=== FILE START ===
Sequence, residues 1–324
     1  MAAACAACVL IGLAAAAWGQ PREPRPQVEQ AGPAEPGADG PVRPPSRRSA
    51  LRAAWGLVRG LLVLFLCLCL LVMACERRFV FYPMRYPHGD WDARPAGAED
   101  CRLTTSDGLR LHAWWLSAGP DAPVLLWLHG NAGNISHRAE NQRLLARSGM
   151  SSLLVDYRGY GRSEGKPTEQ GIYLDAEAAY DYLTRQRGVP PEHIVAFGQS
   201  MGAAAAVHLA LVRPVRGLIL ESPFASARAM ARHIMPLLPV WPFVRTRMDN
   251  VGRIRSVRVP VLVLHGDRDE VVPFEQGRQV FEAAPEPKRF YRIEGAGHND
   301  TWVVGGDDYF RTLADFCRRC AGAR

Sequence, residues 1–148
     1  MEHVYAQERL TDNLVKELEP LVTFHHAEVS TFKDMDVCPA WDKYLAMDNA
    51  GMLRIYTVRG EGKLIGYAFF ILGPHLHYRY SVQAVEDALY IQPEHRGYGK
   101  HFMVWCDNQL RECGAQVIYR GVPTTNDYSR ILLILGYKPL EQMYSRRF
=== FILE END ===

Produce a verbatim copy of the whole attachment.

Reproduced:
Sequence, residues 1–324
     1  MAAACAACVL IGLAAAAWGQ PREPRPQVEQ AGPAEPGADG PVRPPSRRSA
    51  LRAAWGLVRG LLVLFLCLCL LVMACERRFV FYPMRYPHGD WDARPAGAED
   101  CRLTTSDGLR LHAWWLSAGP DAPVLLWLHG NAGNISHRAE NQRLLARSGM
   151  SSLLVDYRGY GRSEGKPTEQ GIYLDAEAAY DYLTRQRGVP PEHIVAFGQS
   201  MGAAAAVHLA LVRPVRGLIL ESPFASARAM ARHIMPLLPV WPFVRTRMDN
   251  VGRIRSVRVP VLVLHGDRDE VVPFEQGRQV FEAAPEPKRF YRIEGAGHND
   301  TWVVGGDDYF RTLADFCRRC AGAR

Sequence, residues 1–148
     1  MEHVYAQERL TDNLVKELEP LVTFHHAEVS TFKDMDVCPA WDKYLAMDNA
    51  GMLRIYTVRG EGKLIGYAFF ILGPHLHYRY SVQAVEDALY IQPEHRGYGK
   101  HFMVWCDNQL RECGAQVIYR GVPTTNDYSR ILLILGYKPL EQMYSRRF